started to inherit NL's clothes or even matches with him sometimes, which brings up a question
of whether or not NL wears girl's clothes from his own choice or someone else's. There is some
speculation that NLs parents push him to dress this way because there was a family tragedy
regarding homosexuality. That is not to say that I agree or disagree personally no matter what
the circumstance is; I just find it interesting.
Answer to Questions:
Firefighter- boys
Teacher- girls, because his teacher is a girl.
Construction worker (builds houses)- boys, just because.

Kayly Miranda
FHS 2450
Dancer- both, because both boys and girls like to dance
babysitter/stays home- girls, because his babysitter is a girl.
Doctor- boys, because his doctors are always boys
note* NL has hearing problems which why he has a few different doctors.

My Response:
I found this short study to be very interesting, but also a bit challenging. Since the
children are still pretty young, it was hard to keep their focus for long to get strong responses,
which is why I asked some certain questions rather than others. They didn't give me too much to
go on, but even still I was able to tell that even at such young ages, children start determining
what things separates genders, and what types of things "boys" and "girls" do differently
according to their gender stereotypes. I was very hopeful while interviewing CC and NL as both
of their parents are doing their best to resist gender stereotyping. I was especially interested in
interview NL because I think his parents are able to identify that masculine and feminine roles
could actually limit their children's self-expression. Perhaps their parents aren't "changing" their
sons as some people might think, or not even doing it because NL identifies as a girl. There is a
good chance NL's parents recognize that -like the text discusses- being an androgynous
individual allows for expression of both masculinity and femininity through choice rather than the
limits that society puts on the individual by needing one or the other (Crooks & Baur, 2014, pg.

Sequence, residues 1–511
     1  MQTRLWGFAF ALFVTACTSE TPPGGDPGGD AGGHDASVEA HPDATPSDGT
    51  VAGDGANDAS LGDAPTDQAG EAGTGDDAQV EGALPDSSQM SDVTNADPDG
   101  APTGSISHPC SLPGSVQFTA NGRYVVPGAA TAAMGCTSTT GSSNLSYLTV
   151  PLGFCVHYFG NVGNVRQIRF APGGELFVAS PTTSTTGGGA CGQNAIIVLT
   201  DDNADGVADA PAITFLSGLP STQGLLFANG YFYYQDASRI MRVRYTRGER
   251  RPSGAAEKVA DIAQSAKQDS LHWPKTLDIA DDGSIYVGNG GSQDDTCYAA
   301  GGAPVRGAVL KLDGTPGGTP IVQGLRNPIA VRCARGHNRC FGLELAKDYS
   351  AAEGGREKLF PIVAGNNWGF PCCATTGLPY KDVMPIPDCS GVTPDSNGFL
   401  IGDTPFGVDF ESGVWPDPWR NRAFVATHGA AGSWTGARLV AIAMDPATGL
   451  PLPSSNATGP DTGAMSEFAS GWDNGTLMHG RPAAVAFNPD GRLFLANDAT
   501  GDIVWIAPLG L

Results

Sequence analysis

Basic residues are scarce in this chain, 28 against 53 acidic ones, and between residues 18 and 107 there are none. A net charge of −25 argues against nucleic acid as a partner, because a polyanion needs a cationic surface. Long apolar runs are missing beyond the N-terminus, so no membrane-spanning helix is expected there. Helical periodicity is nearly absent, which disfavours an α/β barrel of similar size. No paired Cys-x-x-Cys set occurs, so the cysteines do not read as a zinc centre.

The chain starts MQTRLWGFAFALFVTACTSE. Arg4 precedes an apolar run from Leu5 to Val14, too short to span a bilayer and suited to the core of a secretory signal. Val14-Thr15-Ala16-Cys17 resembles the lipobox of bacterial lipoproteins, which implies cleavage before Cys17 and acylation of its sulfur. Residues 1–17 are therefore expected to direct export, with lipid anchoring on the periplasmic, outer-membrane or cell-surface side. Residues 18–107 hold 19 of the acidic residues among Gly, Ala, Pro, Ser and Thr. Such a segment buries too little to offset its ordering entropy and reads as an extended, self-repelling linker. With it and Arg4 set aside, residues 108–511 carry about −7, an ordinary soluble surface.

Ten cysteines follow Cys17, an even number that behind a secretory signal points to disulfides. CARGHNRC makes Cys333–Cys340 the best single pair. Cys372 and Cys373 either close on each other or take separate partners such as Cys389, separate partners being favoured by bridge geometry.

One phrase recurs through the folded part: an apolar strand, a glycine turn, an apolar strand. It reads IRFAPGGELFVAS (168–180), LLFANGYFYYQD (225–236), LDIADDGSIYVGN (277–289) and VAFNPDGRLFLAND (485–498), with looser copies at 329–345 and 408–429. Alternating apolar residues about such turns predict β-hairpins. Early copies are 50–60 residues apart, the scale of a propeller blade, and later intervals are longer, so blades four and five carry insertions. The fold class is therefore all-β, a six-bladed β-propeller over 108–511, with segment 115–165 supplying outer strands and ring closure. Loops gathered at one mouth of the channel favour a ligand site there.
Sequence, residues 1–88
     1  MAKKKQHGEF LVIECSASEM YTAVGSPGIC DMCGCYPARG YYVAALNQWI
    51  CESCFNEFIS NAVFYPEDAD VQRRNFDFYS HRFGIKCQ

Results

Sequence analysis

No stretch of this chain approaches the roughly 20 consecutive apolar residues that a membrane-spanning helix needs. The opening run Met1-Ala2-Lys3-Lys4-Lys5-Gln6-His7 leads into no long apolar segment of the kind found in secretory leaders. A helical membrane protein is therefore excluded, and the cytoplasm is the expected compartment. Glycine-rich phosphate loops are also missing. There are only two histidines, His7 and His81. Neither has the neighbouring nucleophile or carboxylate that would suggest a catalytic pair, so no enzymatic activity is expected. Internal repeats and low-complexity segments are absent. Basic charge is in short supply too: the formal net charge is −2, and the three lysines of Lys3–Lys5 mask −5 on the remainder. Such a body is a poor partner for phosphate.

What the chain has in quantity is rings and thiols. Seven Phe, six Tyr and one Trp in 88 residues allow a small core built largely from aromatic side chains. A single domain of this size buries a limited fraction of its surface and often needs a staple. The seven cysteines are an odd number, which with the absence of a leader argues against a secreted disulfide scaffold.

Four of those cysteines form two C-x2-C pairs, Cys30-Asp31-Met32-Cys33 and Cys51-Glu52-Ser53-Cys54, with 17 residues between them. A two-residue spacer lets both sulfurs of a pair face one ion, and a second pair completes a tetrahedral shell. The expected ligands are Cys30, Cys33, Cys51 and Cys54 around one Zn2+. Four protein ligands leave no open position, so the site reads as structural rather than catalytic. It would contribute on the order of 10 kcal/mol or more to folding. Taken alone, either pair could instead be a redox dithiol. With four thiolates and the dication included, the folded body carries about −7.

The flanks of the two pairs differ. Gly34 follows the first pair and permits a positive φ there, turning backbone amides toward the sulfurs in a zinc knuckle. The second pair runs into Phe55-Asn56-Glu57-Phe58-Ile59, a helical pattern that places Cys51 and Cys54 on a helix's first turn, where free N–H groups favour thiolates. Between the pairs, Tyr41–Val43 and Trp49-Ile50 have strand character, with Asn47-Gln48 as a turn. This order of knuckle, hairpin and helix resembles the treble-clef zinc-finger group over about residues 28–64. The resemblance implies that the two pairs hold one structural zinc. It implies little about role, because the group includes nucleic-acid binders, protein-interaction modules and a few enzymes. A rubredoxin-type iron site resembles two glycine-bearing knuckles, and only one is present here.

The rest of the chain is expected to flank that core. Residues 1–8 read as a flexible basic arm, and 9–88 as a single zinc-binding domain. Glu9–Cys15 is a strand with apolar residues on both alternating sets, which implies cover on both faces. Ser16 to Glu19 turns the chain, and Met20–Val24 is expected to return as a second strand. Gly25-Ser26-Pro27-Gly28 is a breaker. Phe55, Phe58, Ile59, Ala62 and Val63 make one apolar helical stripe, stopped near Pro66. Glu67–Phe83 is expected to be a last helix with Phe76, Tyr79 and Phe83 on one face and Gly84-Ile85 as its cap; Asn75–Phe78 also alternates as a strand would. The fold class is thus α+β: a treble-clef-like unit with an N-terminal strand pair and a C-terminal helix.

143). However, since it is probably a sensitive topic, I chose not to ask NL's parents about why
they allow this, and I will accept NL as they are.
Because I know both CC and NL personally, I have been able to interact and play with
them quite a few times. One thing that I have noticed is that both of their parents do not limit the
types of toys that their children play with based on their gender identity or the "gender" of the
toys. CC is known for her fascination with superheroes and villains of both genders. She is

Kayly Miranda
FHS 2450
obsessed with playing Batman (the character she usually plays) and finding her girlfriend Green
Ivy. NL on the other hand, has brought his Rainbow Dash Pony to play with also. The text
discusses how parents should avoid using toys that enforce the idea of gender stereotype to
children, so it was a relief to see that 2/3 of the children I interviewed were being taught this way
also (Crooks & Baur, 2014, pg. 133). I truly believe that if other parents follow CCs and NLs
parents in allowing children to grow up without imposed gender stereotypes, children will grow
up feeling more confident in themselves, express themselves openly, and learn to accept people
who are different from them.

Kayly Miranda
FHS 2450
Works Cited
Crooks, Robert, and Karla Baur. Our Sexuality. 12th ed. Belmont: Wadsworth, 2014. Print.
Gonzalez, Amy, Cadence Bell, and Noam Lingstuyl. Personal interview. 19 Jan. 2014.